‘Banana’, a game where you rapidly click on a jpeg of a banana and nothing else, has an all-time peak of 31,124 players on Steam—here’s why

If you happen to check the SteamDB charts from time to time, you might be wondering why Banana, a free-to-play game where you ostensibly just click on a jpeg of a banana and nothing else, is currently sat at number 47—just four ranks shy of Cyberpunk 2077, and ranking above actual videogames like Fallout 76, Diablo 4, Slay the Spire, the list goes on.

So was I. So were all of us at PC Gamer, actually, sitting in a call this morning, staring baffled at tens of thousands of active players all clicking a jpeg. Because my torrid work is never finished, I bravely jumped on the grenade and did a little digging—turns out, there’s a whole genre of these things, which I shall henceforth dub “egglikes” because I have lost my mind.

Like soulslike games, egglikes—again, a term I have fully just invented—spawned from the older (and thus less popular) Egg, which still has over 4,500 people playing it as I write this (with an all-time peak of 11,000 players). Egg is very similar to Banana in that you click on a picture of an egg for the vast majority of your playtime, though you’ll mostly be leaving it idle if you value your sanity.

The real games attached to Egg and Banana have precious little to do with the client. Instead, they have everything to do with Steam inventory items. You might have a few of these suckers sitting in your inventory as we speak—earned by playing games you own, these items can be sold on the marketplace for cash that goes into your Steam wallet, or traded 1:1. 

They’re slightly different from the trading cards you’re more likely to have knocking around—more like the Banana game’s version of TF2 hats. Their prices can fluctuate based on varying factors, meaning that it’s technically possible to buy low and sell high.

Banana is absolutely a derivative egglike—no, really. The game’s creator, Robert Partyson (I somehow do not think that is their real name) wrote “this is just a worse made egg game” on the game’s Steam forums. “Lol,” he added.

Breaking it down, Partyson explains that, as long as you dip into the game to click occasionally, you should get “like 2 items once a day”. You can then venture onto the marketplace to sell them or buy them. There’s a handy bot in the (publically available) Discord for Banana which breaks down what you have to actually do to get your saleable jpegs:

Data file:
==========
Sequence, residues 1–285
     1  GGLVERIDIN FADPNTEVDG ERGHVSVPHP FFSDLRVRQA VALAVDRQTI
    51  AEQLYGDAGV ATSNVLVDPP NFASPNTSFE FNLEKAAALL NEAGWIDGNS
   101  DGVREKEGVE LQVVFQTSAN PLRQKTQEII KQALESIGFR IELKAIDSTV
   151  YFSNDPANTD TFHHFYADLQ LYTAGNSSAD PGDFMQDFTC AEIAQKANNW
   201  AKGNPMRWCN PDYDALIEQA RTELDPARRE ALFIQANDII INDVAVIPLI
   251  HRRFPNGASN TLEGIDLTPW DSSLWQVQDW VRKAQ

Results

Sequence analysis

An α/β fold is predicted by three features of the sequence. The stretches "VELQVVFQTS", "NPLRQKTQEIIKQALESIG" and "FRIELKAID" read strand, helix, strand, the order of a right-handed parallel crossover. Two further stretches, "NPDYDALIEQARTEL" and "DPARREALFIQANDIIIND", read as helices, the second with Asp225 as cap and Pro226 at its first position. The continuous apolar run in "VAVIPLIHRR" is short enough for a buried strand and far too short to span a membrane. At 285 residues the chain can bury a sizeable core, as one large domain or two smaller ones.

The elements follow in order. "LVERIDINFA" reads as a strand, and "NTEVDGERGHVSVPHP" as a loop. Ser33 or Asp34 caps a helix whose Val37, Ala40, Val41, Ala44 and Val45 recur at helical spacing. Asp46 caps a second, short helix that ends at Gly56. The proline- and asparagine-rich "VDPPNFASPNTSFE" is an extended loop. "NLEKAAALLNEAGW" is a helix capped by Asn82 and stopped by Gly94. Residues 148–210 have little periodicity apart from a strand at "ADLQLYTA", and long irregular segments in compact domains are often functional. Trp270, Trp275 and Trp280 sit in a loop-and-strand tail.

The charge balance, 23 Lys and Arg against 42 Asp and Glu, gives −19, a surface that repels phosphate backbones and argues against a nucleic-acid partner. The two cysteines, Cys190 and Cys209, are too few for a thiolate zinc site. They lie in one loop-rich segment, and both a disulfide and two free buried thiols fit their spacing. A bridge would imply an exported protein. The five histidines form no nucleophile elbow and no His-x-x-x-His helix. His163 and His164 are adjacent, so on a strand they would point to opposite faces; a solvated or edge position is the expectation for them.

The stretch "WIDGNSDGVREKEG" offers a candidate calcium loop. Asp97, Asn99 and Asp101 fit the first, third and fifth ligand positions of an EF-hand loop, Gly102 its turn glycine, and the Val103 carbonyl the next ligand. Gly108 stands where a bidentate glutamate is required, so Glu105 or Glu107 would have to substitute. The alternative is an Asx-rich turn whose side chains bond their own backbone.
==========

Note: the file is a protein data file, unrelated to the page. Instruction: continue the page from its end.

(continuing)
“By opening the game and playing for one minute, after that every three hours a banana will be able to be collected by clicking. After playing [for] one hour you unlock the rare drop pool which will drop a banana every 18 hours. Just come back to the game every [3-18] hours and click once.” There are also special events for rare, events-based bananas.

Most common bananas sell for a pittance, a few cents at most, though some are listed for hundreds of dollars—like this Diamond banana. Mind, no-one’s buying it for that price, with most offers ranging in a far more reasonable $81, but still. Asking around, I’m told by the (genuinely friendly, wholesome) community that the Banana game has two factors—grinding for nanas, and investment.

See, it’s actually possible to play egglikes without touching the rat race, as long as you have a nest egg. If you want to interface with them purely by buying and selling banana jpeg stonks, you absolutely can do that. 

Some players are even just doing it out of a mixture of philanthropy and general memeage—I watched as one similarly-baffled player asked: “who tf is buying regular bananas, [I] dont understand”, to which another player replied: “Me. I buy in bulk from people for a few cards or other bananas … I just want a bunch of them. Which by the way you should let me have yours.” 

I like to imagine they’re collecting all of the bananas into a big swimming pool, and are about to jump into them like the world’s softest, most unpleasant Scrooge McDuck. 

There’s also a budding little art community going on, tucked away in this bizarro world corner of the internet. Players can drop in suggestions for bananas into an art channel, and there’s some genuine creativity going on from these card sellers amidst all the cursed horrors and copyright infringement.

What surprised me most was a lack of genuine sketchiness—sure, you could make the argument that these aren’t really, actually videogames, but Steam’s trading card system has been in place forever, and I’m almost certain it has cards (and potentially even items) for idle games, too. It’s reminiscent of NFTs, just… sans all the speculative, ape-driven nonsense usually rife in those spaces. 

It helps that the stakes are pretty low, too—you’re just getting cash to spend on other Steam games. The community has less of that big tech bro stank about it, and reminds me more of kids trading rocks in a playground, and I mean that as a compliment. I feel like I cracked open a door expecting to stumble into some secret mafia hideout and instead found a bunch of relatively chill dudes racing their pet snails.

Anyway, both Banana and Egg are free if you want to get in on this… movement? Sure, let’s go with that. At the very least, it’s devoid of the blockchain nonsense that keeps trying to worm its way into gaming. I’ll take speculative Bananas and Egg jpegs over crypto any day.

Source: PC Gamer

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